Sunday, November 6, 2011


          Why am I having such a hard time finding the time, energy and motivation to write anything these days? I wrote my first rough draft while raising 5 kids and working two jobs. I am still raising those 5 kids but only working a part-time job now. So, why is it that I can't fit in a few hours a week to write? Fighting with health issues and keeping up with the kids and such is only part of it. I need to get excited about a story again. I have several ideas jotted down, partially outlined, and even started but I can't seem to get in to any of them.
 I put them aside and brainstorm a new idea? Pick one and just get going on it and hope my enthusiasm kicks in? Sigh...I guess it's time to hide away somewhere and get busy. I know I can make the time to do it, it's just wanting to. Go away dark cloud hanging over my head. :/

Sunday, October 16, 2011

Eenie Meenie

          I haven't accomplished much by way of writing or revising this month. I need to get motivated for Nano wrimo. I have the story in my head, so I'm set there. My problem now is that I've come up with a new idea for a revision on a current novel. It will involve re-writing several chapters. I tackle both? Work on the revise until Nov. then take a break? Hold off on the revise? Decisions, decisions.
          Then there's the middle-grade book I need to get going on. It's going to involve some mathematical figuring before I can work on it. It might have to wait until next year.
          This month has been crazy busy and next month will be worse. Time to break out the creative techniques and notebooks. A laptop would solve that problem. I wonder if Santa will surprise me this year.

Wednesday, October 12, 2011

Shuddering at just the thought

          I had plans to attend an author panel and book signing with my oldest daughter last night. Her day was changed when her friend returned home from South Korea after being gone for several months. Instead, I took my eleven-year-old. I wasn't sure how she would like it, but she had fun...except for standing in lines. She didn't complain, though.
          As I listened to them answer questions I couldn't help but think how terrified I would be to do that. I've suffered from a social anxiety disorder my entire life (selective mutism) and public speaking is at the top of my list of fears. I have become comfortable with having my writing read and critiqued (the first few times were pretty nerve-racking), but the fear of having all focus on me and my mind going blank is horrifying.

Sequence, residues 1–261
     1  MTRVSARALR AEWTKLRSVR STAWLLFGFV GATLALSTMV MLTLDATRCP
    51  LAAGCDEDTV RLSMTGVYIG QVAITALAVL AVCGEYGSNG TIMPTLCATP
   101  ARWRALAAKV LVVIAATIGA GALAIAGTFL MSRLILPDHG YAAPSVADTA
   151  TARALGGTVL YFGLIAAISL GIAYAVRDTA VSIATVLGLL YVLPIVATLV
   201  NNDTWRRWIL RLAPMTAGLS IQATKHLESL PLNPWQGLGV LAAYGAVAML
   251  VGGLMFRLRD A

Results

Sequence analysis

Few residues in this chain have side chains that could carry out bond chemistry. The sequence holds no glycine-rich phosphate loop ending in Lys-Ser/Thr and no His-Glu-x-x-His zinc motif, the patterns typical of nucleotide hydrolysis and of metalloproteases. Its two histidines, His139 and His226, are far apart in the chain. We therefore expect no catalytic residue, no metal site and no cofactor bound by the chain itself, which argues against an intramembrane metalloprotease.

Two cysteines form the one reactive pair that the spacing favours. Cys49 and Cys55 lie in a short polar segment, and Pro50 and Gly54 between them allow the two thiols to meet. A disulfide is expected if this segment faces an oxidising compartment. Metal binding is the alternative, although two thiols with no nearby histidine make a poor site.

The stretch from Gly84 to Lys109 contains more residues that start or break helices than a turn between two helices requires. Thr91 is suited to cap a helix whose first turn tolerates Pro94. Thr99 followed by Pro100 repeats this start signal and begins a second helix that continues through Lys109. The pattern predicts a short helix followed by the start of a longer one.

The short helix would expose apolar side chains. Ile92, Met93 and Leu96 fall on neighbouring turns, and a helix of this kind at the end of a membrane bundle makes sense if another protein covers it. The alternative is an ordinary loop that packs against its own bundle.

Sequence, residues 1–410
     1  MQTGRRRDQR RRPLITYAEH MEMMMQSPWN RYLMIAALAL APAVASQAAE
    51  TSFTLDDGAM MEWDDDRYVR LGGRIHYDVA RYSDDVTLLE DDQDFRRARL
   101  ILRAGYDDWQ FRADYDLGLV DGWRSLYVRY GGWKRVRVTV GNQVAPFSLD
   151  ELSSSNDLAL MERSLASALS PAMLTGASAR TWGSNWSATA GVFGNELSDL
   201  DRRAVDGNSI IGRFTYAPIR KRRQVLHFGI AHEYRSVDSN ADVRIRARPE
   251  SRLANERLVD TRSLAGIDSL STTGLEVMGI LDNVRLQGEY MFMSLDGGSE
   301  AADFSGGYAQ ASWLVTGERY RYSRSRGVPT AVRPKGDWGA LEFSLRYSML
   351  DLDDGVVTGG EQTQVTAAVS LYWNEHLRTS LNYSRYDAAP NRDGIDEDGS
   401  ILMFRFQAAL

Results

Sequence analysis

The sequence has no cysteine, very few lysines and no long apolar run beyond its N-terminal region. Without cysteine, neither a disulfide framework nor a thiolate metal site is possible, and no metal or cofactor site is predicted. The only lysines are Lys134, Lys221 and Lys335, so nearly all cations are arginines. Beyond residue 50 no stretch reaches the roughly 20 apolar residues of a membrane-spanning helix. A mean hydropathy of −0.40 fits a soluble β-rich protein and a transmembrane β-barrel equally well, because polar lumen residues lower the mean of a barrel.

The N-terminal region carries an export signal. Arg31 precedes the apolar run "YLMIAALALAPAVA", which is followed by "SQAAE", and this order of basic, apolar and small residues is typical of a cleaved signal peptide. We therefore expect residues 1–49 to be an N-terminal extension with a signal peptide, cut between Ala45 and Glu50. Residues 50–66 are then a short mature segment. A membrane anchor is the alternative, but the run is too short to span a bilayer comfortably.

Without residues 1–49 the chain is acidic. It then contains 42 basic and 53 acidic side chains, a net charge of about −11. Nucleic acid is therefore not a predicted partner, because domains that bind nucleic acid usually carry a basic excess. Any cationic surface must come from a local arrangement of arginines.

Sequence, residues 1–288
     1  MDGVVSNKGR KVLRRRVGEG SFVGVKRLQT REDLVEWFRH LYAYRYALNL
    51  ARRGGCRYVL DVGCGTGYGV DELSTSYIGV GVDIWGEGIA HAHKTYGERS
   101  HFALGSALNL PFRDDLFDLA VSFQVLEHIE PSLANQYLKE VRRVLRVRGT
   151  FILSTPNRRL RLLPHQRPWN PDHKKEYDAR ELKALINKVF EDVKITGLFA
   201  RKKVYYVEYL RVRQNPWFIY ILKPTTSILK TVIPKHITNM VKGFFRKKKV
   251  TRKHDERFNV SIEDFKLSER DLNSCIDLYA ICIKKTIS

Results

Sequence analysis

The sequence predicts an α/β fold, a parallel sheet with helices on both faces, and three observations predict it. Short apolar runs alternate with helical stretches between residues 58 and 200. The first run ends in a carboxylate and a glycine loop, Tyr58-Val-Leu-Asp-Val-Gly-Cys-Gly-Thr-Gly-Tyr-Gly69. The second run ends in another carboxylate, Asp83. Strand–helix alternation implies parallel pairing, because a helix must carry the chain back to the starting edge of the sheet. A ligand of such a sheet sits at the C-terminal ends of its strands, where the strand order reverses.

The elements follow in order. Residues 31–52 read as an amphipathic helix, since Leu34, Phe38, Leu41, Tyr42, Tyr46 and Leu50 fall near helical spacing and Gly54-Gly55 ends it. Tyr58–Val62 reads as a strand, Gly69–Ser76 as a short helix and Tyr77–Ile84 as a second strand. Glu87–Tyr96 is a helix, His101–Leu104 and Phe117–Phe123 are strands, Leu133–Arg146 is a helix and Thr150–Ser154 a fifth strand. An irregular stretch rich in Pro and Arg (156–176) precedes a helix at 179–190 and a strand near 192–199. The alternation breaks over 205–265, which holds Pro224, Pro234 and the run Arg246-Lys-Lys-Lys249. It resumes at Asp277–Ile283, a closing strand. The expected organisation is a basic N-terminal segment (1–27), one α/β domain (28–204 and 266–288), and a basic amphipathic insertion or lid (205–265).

Hats off to Becca Fitzpatrick, Michelle Hodkin, Elana Johnson and Moira Young. They were awesome!

Friday, October 7, 2011

What motivates you to write?

          In my case, what motivated me to begin writing was a couple of friends persuasive attitudes. I was busy at the time, working two part-time jobs and being a mom. Looking back, I don't know when I fit in time to get much writing done and wonder why now, being less busy, I find it hard to do nearly as much. Maybe I'm just getting old. ;-)
          Hoping to get published, of course, is great motivation. For me, writing is also a great escape. After parenting 3 hormonal teenage girls and a pre-teen daughter, along with a son with ADD...a fictional world of my choosing is a fun place to visit. Maybe it's my way of getting to be in complete control. I dunno.
          Trying to keep up with a critique group is motivational, too. In fact, I need to decide which book to focus my attention on next or I won't be sharing anything after a couple more weeks. Hmmm...eenie meenie...

Tuesday, October 4, 2011

Best thing I've done

          How many times do you revise your manuscript? How many readers do you have go through it? At what point do you decide it's ready and move on to querying?
          If you decide to self-publish, do you put as much work into it? Do you still have it critiqued by multiple people who know what they're doing? I think it's way more important to do those things when choosing this route.
          Have you ever ran across a self-published book and wished you could help re-write it?
          That is what critique groups help prevent.
          If you aren't a member of one-find one to join or start your own. You not only get wonderful suggestions for perfecting your manuscript, but get to enjoy reading others. (Even if they sometimes make you feel inferior because they're so amazing. ;-) )